City Wants Price Floor For Midtown East Air Rights Sales, Which Churches Oppose
Midtown East religious institutions have long lobbied for the ability to sell their air rights, but now that it’s on the table with the proposed rezoning, the organizations aren’t happy with the city’s intention to set a sales price floor.
The city wants to set a floor—which would be adjusted every five years, unless a property owner funds a new appraisal and brings it to the city—because it could gain as much as 40% of a sale, which can be used for public improvements to the area surrounding Grand Central Terminal, Crain’s reports.
Some are concerned air rights sales could create a price-dropping glut, but City Councilman Dan Garodnick said the floor price ensures the city gets the funds for public improvements and prevents buyers from finding price-dropping loopholes.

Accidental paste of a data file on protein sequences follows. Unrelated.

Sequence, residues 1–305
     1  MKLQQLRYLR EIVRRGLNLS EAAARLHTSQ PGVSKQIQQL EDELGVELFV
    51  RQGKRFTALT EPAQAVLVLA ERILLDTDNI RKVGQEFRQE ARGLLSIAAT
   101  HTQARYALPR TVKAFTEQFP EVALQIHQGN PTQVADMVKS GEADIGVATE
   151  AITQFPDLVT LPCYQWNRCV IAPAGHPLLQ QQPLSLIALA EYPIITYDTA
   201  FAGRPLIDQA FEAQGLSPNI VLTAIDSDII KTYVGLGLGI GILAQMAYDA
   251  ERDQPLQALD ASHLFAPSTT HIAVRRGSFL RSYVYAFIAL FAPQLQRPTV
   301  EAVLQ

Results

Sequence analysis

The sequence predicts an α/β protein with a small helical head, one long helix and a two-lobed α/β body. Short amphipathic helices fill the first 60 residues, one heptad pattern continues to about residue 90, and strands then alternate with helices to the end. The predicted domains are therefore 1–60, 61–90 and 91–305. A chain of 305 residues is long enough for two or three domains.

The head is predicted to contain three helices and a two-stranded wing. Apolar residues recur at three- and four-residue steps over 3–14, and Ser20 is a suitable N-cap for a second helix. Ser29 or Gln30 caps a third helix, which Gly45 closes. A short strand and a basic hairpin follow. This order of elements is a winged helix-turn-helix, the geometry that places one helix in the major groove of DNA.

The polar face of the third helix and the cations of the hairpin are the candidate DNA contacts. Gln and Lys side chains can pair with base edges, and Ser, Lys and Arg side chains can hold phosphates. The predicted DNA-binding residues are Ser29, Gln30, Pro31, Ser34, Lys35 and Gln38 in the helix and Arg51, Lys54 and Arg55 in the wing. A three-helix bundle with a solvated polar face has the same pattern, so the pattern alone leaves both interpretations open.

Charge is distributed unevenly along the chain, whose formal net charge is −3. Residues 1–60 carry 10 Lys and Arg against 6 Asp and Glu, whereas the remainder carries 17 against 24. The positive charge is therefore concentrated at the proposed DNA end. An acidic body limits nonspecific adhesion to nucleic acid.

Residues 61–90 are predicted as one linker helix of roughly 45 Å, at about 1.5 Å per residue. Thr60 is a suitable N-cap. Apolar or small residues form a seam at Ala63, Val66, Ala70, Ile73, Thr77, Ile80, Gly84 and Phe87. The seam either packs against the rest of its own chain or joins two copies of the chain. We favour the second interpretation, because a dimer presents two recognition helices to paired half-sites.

Central Synagogue (left), St. Bartholomew's Church Episcopal Church (right) and other religious organizations oppose the floor, as they want the highest prices to fund needed repairs, and fear the floor could get higher if the market softens, which would in turn kill developer interest.
The Archdiocese of New York, which owns St. Patrick’s Cathedral on Fifth Avenue (central) argues the floor price could decrease the funding for public improvements and stifle the redevelopment the rezoning seeks to catalyze. [Crain’s]